Between African and European music there is a gap that not only consists of the compositional style and instrumentation, but which goes as deep as the attitude towards the individual in society. While in European music there’s a tendency to make the unique style of a performer to stand out of the band or orchestra, in traditional African music it is often the sound of the band as a whole what is important. Kevin Volans, in a highly recommended article in 1986, put it succinctly:
We as Westerners admire much more the man who can do the work of ten men, than ten men working as one.
Kevin Volans, born in South Africa in 1941, studied music in Johannesburg and, thereafter, made post-graduate studies with Karlheinz Stockhausen in the UK. In the early 80’s, rejecting the Apartheid, a system of racial segregation enforced by the South African government until 1994, Volans started an exploration of diverse African compositional techniques, as applied to Western music. Volans himself explains his motivations:
I wanted to reflect in the music an image of a multicultural society - one in which the traditions of different cultures are represented, honoured and, above all, shared - no more 'separate development'!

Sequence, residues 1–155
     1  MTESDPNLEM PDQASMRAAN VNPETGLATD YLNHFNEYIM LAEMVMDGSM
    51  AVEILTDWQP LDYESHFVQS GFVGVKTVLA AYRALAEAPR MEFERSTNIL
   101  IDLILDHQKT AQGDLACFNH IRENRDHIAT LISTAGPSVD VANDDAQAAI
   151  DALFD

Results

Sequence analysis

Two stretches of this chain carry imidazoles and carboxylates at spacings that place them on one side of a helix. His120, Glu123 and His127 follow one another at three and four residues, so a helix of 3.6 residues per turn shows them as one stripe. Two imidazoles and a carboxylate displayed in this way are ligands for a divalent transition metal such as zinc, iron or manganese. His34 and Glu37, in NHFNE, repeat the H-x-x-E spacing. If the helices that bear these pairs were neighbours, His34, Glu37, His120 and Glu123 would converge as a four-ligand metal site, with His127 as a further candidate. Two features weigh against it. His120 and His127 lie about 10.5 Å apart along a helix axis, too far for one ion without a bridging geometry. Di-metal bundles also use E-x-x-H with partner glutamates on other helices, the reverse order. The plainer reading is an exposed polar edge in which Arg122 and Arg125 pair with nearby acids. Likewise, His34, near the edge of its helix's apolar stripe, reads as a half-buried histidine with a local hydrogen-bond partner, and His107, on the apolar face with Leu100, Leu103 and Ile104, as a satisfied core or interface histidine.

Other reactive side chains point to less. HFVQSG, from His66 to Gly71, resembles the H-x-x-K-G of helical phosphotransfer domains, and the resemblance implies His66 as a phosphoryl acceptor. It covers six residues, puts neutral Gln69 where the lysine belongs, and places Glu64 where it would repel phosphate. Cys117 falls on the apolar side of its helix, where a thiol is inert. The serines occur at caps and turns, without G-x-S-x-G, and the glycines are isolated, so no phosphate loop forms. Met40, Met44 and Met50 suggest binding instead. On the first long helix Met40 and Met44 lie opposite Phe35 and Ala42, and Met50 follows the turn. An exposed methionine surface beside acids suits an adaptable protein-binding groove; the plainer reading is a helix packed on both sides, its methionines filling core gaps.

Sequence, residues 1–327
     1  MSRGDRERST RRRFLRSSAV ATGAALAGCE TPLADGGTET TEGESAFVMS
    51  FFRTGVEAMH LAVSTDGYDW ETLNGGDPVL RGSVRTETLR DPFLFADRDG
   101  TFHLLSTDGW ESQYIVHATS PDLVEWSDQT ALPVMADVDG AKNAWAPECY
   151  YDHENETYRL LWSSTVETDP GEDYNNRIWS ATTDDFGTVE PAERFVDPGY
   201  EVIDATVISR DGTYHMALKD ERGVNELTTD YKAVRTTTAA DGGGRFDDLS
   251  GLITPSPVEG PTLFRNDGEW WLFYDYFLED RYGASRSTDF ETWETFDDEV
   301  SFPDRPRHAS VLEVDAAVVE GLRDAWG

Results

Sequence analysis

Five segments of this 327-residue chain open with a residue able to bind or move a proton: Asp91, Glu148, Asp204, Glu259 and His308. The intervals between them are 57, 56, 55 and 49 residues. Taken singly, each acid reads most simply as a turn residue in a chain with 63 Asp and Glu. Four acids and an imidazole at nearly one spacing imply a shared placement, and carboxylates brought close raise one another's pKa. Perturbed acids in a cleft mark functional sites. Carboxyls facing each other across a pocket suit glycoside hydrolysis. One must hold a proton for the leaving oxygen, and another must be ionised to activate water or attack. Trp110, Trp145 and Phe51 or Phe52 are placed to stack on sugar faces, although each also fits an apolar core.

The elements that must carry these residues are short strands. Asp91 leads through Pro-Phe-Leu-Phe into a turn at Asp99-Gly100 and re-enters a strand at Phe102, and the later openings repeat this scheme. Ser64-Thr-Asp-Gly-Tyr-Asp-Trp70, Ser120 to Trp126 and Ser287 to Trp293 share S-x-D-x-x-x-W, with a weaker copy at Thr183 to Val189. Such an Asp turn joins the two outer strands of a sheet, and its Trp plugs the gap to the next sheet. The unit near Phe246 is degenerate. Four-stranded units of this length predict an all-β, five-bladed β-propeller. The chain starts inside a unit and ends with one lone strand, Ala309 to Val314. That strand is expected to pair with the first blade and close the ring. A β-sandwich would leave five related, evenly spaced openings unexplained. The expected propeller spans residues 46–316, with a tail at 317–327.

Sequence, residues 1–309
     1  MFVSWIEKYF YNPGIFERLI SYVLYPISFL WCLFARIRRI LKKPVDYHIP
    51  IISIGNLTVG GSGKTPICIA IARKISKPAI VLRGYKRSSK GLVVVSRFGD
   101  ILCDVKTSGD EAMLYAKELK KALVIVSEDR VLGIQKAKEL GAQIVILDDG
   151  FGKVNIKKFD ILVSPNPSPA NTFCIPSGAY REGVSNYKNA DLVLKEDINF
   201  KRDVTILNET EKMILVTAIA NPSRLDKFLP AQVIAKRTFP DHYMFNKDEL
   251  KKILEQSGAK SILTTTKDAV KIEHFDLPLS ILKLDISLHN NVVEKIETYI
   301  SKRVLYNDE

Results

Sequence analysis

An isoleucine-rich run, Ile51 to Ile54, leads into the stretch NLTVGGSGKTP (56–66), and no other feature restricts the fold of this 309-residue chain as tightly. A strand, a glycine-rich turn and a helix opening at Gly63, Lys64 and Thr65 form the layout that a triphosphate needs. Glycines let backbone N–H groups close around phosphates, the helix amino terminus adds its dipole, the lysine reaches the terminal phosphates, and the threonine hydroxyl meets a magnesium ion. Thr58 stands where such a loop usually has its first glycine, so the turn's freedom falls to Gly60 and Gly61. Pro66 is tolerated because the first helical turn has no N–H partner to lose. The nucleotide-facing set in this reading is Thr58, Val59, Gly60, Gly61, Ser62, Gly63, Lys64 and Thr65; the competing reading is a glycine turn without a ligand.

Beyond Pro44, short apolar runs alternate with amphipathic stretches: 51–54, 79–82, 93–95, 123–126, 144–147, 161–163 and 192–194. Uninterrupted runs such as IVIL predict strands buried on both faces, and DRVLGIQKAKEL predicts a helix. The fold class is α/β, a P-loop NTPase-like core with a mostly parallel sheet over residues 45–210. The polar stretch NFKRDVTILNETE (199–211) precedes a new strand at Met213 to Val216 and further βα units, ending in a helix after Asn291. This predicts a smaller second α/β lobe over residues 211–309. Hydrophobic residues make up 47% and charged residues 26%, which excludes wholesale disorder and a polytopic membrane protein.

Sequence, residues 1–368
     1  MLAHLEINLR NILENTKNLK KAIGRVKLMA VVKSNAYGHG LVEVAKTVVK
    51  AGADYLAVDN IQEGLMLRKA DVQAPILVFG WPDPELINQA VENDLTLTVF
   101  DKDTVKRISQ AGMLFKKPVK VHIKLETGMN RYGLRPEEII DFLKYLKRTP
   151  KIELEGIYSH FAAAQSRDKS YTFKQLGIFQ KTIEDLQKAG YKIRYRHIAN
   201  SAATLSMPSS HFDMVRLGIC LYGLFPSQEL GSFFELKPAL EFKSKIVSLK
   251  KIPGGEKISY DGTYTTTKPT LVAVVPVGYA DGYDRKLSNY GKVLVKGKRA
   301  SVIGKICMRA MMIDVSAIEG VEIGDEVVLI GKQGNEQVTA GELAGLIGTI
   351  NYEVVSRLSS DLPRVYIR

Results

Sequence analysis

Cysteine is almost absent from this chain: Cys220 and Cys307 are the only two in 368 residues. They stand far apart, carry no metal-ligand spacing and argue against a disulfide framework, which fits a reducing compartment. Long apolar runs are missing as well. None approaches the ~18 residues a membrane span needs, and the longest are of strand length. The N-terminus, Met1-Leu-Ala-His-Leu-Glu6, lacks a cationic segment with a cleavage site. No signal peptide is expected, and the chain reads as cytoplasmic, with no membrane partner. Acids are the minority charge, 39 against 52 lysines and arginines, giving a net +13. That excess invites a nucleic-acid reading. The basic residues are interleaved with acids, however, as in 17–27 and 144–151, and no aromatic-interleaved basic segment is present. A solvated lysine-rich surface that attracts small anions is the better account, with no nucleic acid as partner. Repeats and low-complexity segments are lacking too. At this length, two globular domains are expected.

“Mbira” was the first of this series of works. It was composed for two harpsichords re-tuned in African tuning, and a rattle. This work gets its name from the Mbira, a traditional instrument from Zimbabwe, which is central to a music genre with the same name. In the first part of this work, Volans emulates the Mbira music patterns with the harpsichords. The coda, however, follows a non-traditional style.
In 1982, Kevin Volans composed one of his best known works, titled “White Man Sleeps”. It was originally written for two harpsichords, viola da gamba and percussion, but in 1986, at the request of the Kronos Quartet, it was re-worked for string quartet. The innovative character of this work is captured in the following excerpt from Volans’ own exposition:
It was a bit like introducing an African computer virus into the heart of Western contemporary music. Thus I concentrated on the anti-hierarchic nature of traditional African music, the interlocking techniques, shifting downbeats, the largely non-functional harmony, the open forms, the extremely fast tempi of some music, the non-developmental use of repetition, contrasting and irregular patterning, the tone colour, the energy and the joy.
Let’s listen to the second movement. The other movements are available as well.